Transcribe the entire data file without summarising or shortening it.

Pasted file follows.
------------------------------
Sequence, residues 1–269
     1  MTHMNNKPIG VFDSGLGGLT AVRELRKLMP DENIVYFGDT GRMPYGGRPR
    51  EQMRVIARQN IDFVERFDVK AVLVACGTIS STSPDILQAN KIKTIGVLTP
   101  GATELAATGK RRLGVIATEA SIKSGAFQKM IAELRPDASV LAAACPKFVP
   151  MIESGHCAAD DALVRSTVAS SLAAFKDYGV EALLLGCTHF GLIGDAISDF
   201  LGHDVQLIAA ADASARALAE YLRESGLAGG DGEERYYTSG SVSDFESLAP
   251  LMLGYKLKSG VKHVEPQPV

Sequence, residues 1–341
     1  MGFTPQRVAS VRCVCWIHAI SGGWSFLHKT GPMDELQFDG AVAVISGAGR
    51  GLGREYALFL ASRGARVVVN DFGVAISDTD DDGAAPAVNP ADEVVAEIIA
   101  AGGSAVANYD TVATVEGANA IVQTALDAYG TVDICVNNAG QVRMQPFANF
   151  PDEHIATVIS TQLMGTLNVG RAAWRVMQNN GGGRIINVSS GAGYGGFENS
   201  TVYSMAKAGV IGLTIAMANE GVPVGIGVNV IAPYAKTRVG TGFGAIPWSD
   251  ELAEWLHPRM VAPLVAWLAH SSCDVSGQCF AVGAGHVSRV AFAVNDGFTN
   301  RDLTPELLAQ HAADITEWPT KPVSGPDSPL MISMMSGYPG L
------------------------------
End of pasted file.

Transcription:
Sequence, residues 1–269
     1  MTHMNNKPIG VFDSGLGGLT AVRELRKLMP DENIVYFGDT GRMPYGGRPR
    51  EQMRVIARQN IDFVERFDVK AVLVACGTIS STSPDILQAN KIKTIGVLTP
   101  GATELAATGK RRLGVIATEA SIKSGAFQKM IAELRPDASV LAAACPKFVP
   151  MIESGHCAAD DALVRSTVAS SLAAFKDYGV EALLLGCTHF GLIGDAISDF
   201  LGHDVQLIAA ADASARALAE YLRESGLAGG DGEERYYTSG SVSDFESLAP
   251  LMLGYKLKSG VKHVEPQPV

Sequence, residues 1–341
     1  MGFTPQRVAS VRCVCWIHAI SGGWSFLHKT GPMDELQFDG AVAVISGAGR
    51  GLGREYALFL ASRGARVVVN DFGVAISDTD DDGAAPAVNP ADEVVAEIIA
   101  AGGSAVANYD TVATVEGANA IVQTALDAYG TVDICVNNAG QVRMQPFANF
   151  PDEHIATVIS TQLMGTLNVG RAAWRVMQNN GGGRIINVSS GAGYGGFENS
   201  TVYSMAKAGV IGLTIAMANE GVPVGIGVNV IAPYAKTRVG TGFGAIPWSD
   251  ELAEWLHPRM VAPLVAWLAH SSCDVSGQCF AVGAGHVSRV AFAVNDGFTN
   301  RDLTPELLAQ HAADITEWPT KPVSGPDSPL MISMMSGYPG L